When listening to Ocean of Storms, the experimental sounds of John Cage (or Phil Lesh and Ned Lagin) come to mind, as do some of the legendary improvisational meanderings or “space jams” by the Grateful Dead.
Ocean of Storms does not focus on the kind of traditional fare that highlights rhythm, melody and vocalization. Rather, it is the work of four musicians, whose backgrounds include jazz, blues and classical playing, pushing the tonal boundaries of their instruments (in this case Henry Kaiser on harp guitar, Tania Chen on grand piano, Wadado Leo Smith on trumpet and William Winant on a host of percussion tools).
As these artists explore the outer edges of our, and perhaps their own expectations and psyches, the pieces, which take inspiration from the geography of the moon, move between moods that range from contemplative, on the opening track “Bay of Honor,” to intense, as exemplified on the final cut “Al-Kwarizimi.”
The CD includes five improvised tracks that are thought-provoking and sonically intriguing. In and of themselves the deliberately considered tones of the featured instruments arrest attention, and when taken together as a whole these performances result in the kind of avant garde recitals (minus Smith on trumpet in this example) featured here:
The cuts on Ocean are akin to soundscapes, or tone poems, which run from 11- to 14-minutes in length. Chen, Kaiser, Smith and Winant provide unique food for thought for those patient enough to take it in.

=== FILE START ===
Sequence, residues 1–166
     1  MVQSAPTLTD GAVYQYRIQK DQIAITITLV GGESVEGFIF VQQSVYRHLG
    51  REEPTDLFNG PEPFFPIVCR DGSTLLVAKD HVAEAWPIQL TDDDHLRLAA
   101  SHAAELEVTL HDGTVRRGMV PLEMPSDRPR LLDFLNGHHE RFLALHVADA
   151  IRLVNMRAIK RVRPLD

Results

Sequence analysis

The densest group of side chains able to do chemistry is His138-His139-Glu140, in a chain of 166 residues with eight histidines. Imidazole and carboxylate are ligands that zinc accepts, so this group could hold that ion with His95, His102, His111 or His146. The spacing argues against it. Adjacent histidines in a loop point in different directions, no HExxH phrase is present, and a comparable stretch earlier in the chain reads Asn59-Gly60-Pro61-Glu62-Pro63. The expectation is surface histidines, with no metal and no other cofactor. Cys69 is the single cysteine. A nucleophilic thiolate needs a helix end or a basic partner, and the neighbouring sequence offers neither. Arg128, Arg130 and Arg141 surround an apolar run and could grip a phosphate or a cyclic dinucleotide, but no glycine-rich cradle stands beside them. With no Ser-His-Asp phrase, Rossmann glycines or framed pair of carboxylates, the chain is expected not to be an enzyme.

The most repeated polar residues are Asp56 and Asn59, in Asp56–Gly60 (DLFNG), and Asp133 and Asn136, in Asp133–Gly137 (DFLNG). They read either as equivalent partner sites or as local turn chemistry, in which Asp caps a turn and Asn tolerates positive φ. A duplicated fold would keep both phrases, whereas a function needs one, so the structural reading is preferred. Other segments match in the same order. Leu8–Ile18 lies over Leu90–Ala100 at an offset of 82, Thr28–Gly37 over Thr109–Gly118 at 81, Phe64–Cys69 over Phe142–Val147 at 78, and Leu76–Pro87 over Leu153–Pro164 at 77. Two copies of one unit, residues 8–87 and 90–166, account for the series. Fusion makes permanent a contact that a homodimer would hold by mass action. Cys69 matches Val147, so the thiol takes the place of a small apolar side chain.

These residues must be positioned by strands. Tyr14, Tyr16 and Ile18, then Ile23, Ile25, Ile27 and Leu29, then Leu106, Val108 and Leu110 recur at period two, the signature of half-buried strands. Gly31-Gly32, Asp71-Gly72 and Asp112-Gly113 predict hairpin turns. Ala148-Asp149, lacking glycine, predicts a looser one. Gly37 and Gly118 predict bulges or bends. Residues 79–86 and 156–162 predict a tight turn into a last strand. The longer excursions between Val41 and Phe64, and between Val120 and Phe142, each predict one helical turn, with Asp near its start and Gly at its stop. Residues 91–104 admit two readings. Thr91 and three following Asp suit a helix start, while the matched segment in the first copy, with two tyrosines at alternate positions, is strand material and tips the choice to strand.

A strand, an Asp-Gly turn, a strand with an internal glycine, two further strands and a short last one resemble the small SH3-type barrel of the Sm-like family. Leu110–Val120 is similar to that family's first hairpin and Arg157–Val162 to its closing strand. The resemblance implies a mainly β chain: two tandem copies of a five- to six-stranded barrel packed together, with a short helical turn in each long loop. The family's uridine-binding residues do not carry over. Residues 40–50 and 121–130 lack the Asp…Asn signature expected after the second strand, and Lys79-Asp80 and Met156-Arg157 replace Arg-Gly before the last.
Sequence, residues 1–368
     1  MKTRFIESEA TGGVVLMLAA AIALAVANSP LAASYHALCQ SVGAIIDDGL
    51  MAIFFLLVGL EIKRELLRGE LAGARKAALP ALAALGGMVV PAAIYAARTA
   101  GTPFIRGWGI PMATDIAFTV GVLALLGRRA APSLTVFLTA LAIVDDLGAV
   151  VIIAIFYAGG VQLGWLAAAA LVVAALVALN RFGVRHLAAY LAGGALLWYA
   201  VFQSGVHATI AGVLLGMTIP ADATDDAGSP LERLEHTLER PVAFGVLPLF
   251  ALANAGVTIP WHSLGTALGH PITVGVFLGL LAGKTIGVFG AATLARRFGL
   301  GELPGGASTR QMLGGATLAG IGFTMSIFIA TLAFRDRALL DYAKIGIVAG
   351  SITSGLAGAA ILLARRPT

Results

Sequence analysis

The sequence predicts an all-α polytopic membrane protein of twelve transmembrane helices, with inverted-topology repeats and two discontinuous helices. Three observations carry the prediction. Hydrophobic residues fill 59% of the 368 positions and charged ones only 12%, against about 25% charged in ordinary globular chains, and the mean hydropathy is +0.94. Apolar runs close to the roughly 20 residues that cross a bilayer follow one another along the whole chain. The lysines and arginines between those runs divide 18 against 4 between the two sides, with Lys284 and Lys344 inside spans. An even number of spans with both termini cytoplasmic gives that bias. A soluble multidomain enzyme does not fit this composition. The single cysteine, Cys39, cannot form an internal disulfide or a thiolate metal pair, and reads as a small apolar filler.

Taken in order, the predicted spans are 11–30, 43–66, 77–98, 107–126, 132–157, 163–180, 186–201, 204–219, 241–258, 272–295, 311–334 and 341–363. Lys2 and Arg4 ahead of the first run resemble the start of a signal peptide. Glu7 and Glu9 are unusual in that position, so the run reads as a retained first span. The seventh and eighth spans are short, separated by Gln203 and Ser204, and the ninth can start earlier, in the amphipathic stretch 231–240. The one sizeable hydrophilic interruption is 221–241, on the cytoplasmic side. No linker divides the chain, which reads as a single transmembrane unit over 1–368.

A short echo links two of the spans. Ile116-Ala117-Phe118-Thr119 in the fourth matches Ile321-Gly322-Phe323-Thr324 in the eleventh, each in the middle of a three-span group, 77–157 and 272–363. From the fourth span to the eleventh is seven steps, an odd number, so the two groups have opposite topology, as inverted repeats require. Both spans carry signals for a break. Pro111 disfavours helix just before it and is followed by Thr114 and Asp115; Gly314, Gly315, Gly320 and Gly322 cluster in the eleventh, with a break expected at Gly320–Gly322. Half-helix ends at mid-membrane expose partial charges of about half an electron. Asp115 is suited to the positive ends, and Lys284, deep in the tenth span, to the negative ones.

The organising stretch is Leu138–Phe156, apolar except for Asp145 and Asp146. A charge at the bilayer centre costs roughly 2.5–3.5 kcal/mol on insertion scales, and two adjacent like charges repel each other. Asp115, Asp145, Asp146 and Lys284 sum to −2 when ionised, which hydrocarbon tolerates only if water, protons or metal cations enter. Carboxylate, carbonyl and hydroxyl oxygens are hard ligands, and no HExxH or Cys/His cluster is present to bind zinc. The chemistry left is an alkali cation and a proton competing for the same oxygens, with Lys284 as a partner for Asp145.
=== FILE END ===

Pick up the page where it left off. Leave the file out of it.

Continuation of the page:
1 – Bay of Honor 11:50
2 – Sea of Crisis 13:10
3 – Lake of Time 11:12
4 – Montes Spitzbergen 12:10
5 – Al-Kwarizimi 13:57
Henry Kaiser, who elicits a variety of captivating guitar tones on the CD is the grandson of the late industrialist of the same name, a former science instructor at University of California at Berkeley, a film score composer and an avid under-ice research diver, who has spent multiple hours diving below the ice of Antartica.
Kaiser has been collaborating with trumpeter Wadada Leo Smith for years, and their work includes the Yo Miles! project, which began in 1998 and is a series of tributes to Miles Davis’s 1970s electric music. Smith’s captivating work can also be heard on the release America’s National Parks (Cuneiform Records, 2016). Smith sets the tone for much of the atmosphere on Ocean, with the interplay between his trumpet and Kaiser’s guitar locking in and taking off at various points during these sonic ruminations.